I've done some reading on software defined radios and while the concept is clear I have yet to grasp how the signaling is actually done. I've researched the Analog to Digital IC's that are involved in the process and they say that the support sampling rates of 500Mhz or more (is that even correct?) My question is: How is the modulation and demodulation acheived in a software deined radio?

EDIT: I was assuming that there was some sort of voltage controlled oscilator involved, however I can't find the literature.

  • \$\begingroup\$ Software Defined Radio is a technique, and there are many ways to implement it before and after the digital break. I can certainly understand using a voltage controlled oscillator, but it isn't a requirement for a SDR. \$\endgroup\$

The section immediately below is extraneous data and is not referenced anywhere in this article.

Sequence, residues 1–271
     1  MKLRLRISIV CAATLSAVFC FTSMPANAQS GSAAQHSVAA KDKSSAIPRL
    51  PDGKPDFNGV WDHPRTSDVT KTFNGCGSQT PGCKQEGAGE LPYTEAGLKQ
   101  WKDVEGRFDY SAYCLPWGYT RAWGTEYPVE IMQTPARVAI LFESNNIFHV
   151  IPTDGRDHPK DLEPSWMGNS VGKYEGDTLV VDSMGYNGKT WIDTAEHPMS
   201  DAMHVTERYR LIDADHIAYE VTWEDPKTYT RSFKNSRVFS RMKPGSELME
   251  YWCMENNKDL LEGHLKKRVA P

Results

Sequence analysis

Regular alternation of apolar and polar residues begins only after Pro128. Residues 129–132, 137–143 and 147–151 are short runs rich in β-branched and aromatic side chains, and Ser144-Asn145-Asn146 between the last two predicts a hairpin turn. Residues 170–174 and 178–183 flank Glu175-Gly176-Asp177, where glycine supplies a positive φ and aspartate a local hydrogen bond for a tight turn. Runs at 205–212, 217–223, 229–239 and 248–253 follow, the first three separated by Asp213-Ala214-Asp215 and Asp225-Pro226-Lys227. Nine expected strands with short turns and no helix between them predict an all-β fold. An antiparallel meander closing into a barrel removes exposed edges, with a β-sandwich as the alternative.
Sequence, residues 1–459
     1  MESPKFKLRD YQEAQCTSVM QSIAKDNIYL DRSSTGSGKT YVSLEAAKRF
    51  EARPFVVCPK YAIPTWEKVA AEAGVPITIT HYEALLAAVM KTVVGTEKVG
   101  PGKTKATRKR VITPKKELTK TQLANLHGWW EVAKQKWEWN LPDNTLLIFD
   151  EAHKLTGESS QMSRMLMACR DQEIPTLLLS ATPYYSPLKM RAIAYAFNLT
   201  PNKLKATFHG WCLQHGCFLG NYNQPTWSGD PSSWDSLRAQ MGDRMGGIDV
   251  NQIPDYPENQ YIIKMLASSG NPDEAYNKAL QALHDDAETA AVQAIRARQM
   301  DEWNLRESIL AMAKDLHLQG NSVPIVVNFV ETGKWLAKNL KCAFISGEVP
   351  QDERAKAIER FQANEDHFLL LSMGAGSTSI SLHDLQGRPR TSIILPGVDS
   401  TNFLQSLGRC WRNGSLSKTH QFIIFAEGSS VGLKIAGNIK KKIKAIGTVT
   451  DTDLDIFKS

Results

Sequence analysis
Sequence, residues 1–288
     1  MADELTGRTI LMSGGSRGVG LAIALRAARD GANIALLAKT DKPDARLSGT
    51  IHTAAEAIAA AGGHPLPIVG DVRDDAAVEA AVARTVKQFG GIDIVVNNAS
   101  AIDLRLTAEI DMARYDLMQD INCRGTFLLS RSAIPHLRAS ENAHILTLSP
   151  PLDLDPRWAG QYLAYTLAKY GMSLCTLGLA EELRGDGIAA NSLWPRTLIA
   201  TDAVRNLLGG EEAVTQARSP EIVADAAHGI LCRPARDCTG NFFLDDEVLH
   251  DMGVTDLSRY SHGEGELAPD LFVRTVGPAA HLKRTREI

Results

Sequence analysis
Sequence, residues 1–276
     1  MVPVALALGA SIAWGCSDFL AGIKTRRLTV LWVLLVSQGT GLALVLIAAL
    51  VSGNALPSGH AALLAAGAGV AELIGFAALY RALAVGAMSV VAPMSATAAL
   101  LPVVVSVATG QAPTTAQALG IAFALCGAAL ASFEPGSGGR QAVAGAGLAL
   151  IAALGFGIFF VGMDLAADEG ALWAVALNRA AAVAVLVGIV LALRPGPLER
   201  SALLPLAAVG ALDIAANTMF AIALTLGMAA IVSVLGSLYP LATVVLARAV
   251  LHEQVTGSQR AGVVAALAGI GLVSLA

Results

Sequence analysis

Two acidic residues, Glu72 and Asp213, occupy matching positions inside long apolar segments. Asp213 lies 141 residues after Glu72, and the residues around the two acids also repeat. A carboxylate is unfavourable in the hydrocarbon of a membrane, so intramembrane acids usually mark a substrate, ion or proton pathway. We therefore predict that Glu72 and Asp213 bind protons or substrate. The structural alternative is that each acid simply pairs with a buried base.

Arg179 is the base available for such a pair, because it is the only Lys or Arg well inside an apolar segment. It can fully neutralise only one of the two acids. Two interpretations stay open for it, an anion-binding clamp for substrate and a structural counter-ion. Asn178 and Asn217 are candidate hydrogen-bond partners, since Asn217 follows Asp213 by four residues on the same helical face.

– W5VO
    Feb 18 '11 at 13:45

There is a four part series "Software radio for the masses", linked from the ARRL, which explains all this basic information, including the different ways of doing software defined radio.

Once the signal is digitized, it's processed using DSP techniques. You can find more details about them in "Signals, Samples and Stuff: A DSP Tutorial" articles, also linked from above mentioned page.

Oscillators in SDR can be of any kind, from crystal, to PLL controlled VCOs, to direct digital synthesis (DDS), to numerically controlled oscillators (NCO, CORDIC) done entirely in software or FPGA.


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